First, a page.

Growth and investment | Pakistan Today

Growth and investment

  • The MBS effect

 There are no easy choices, really, for Pakistan at the moment. Such is the cash strapped position of the government that even the measures it is patting itself on the back about are only likely to bring very little relief at the end of the day. Let’s not forget that failure to reconcile the deficit in the immediate term might well push the country into economic default. And, even if there weren’t any friendly loans – whatever their intrinsic benefit – it’s not as if you just enter a Fund program and everything falls into place immediately. All decisions, whether they pertain to taking the begging bowl to friends or the IMF itself, will have some sort of traumatic effect on the economy and the people.

That is why investments like the ones the Saudi crown prince is bringing ought to be more welcome. Sure, nobody in their right mind would object to such hefty, long term financial commitments. Not only do they do the economy a world of good, spread over many years of course, they also bind mutual investors in very long term pacts. And even if the government had not gone out of its way to make the event a spectacle – lining up the entire federal cabinet to welcome the prince, bring normal life to a halt, etc, each of which has a sizeable negative financial fallout – the Saudis would have been just has happy with their investment. They are time tested friends, indeed, but that does not mean they will offer loans or investments that will leave themselves worse off than before just for our benefit.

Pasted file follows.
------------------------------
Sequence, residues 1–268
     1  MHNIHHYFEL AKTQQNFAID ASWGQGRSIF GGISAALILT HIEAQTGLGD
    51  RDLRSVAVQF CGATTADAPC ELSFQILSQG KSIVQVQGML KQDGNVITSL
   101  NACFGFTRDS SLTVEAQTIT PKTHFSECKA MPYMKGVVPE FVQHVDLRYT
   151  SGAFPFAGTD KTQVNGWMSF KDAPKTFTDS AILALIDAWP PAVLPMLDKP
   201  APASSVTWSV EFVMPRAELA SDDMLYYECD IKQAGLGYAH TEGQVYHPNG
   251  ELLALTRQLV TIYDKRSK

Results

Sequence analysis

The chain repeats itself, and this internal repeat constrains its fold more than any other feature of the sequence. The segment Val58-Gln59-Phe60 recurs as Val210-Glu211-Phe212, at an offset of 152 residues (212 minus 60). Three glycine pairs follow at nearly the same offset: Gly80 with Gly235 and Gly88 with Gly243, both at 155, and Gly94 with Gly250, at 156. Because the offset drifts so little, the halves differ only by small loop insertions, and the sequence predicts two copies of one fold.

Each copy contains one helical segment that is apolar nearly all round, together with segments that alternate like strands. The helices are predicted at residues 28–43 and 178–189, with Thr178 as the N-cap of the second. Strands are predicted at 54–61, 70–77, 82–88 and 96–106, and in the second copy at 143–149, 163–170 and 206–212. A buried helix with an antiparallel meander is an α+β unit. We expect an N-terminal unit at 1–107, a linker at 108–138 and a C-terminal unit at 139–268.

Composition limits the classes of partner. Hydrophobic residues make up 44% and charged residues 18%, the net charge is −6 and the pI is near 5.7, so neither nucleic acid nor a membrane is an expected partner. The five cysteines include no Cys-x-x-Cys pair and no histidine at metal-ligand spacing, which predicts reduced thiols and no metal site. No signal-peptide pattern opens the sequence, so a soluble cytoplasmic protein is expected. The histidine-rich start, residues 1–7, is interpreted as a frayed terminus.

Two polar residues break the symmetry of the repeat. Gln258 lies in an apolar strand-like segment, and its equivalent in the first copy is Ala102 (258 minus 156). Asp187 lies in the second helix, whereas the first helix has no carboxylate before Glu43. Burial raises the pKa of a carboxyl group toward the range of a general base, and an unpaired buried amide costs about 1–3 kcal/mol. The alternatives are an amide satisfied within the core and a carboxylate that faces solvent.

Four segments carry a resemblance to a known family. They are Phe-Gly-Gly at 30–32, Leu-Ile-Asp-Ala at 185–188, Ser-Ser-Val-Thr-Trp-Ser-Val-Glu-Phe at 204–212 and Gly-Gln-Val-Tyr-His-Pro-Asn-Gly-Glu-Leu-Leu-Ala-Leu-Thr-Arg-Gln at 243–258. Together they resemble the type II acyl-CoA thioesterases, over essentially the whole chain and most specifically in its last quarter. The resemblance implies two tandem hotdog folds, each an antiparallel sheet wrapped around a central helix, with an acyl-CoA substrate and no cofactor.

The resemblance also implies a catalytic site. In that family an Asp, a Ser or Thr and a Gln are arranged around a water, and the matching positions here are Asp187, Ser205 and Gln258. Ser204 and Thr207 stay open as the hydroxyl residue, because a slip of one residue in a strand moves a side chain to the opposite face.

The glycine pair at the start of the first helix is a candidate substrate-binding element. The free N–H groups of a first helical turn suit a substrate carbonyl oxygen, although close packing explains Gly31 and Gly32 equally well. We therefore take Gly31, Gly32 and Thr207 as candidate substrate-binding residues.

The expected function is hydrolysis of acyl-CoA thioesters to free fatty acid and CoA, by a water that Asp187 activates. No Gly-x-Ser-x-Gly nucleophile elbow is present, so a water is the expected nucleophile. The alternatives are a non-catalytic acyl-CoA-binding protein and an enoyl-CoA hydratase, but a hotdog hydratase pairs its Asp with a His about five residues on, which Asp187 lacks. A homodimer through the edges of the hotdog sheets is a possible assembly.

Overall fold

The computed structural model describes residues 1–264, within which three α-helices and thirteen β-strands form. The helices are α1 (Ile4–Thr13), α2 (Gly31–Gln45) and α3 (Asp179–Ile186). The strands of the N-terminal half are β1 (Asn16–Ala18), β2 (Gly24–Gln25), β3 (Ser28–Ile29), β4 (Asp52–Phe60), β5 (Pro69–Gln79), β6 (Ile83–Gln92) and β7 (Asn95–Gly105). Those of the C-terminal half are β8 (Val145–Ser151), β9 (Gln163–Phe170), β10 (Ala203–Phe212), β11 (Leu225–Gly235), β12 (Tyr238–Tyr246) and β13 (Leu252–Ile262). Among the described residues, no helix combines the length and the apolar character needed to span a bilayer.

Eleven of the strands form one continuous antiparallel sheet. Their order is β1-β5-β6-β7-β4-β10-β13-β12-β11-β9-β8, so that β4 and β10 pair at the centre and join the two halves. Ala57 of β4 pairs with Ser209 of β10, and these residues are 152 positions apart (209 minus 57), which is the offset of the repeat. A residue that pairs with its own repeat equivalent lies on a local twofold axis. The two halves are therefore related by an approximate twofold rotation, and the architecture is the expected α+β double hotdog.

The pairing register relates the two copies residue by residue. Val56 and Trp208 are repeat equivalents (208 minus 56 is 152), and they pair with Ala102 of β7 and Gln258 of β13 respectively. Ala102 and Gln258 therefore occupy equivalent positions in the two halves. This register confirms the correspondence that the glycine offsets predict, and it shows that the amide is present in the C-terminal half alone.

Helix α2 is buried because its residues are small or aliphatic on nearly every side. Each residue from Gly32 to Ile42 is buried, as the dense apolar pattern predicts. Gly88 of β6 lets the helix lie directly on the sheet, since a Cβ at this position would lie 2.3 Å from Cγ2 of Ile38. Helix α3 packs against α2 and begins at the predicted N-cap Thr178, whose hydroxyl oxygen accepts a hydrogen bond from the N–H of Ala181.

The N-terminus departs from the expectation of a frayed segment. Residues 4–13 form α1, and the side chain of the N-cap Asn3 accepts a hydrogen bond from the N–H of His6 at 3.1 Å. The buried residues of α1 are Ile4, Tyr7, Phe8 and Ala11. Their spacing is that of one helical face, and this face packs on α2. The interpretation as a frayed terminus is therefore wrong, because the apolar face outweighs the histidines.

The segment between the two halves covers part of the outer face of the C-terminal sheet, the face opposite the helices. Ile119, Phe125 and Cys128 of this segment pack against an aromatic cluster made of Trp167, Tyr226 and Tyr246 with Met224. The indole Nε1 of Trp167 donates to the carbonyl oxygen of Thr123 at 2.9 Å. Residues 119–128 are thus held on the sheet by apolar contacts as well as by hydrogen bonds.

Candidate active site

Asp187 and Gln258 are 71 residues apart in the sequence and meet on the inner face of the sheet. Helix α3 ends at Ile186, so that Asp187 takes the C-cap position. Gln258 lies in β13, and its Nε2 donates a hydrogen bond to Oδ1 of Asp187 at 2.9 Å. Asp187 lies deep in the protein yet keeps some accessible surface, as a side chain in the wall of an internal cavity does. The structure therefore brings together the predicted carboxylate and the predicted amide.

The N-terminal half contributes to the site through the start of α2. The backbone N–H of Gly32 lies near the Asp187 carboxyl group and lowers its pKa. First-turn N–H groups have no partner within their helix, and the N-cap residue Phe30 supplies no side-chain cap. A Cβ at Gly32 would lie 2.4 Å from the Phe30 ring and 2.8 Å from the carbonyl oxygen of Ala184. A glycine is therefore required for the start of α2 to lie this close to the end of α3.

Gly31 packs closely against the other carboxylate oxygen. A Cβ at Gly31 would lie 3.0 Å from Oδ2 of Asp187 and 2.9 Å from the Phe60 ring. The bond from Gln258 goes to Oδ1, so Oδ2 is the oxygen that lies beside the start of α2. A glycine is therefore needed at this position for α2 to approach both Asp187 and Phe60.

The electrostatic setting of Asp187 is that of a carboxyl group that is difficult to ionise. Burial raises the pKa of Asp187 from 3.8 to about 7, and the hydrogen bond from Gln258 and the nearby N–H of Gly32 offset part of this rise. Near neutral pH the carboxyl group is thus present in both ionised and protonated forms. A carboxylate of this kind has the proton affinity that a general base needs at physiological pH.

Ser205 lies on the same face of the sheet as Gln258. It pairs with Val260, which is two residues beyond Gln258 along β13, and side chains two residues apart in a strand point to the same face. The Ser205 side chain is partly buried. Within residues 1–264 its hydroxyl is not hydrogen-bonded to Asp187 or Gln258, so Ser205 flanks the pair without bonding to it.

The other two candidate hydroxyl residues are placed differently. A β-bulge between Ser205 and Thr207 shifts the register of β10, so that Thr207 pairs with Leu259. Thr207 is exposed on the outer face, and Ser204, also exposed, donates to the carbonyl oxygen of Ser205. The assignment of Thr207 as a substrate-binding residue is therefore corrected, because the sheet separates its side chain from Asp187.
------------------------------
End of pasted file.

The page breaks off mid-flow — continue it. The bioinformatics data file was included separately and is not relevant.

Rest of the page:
The government should be mindful that welcome as such deals are, they will not amount to much if the economy is not turned around quickly. What good is celebrating these breakthroughs, after all, if we have to come up with similar solutions periodically? Then there’s the thing about ridiculing the opposition. Perhaps it’s too much to expect the information minister to be civil about the opposition, but the government should not at least insult people’s votes. If anybody in the opposition is convicted in corruption cases, the government can call them all they want. But by behaving in such a manner the government only brings the House into disrepute with friends who are trying to keep us afloat and surviving.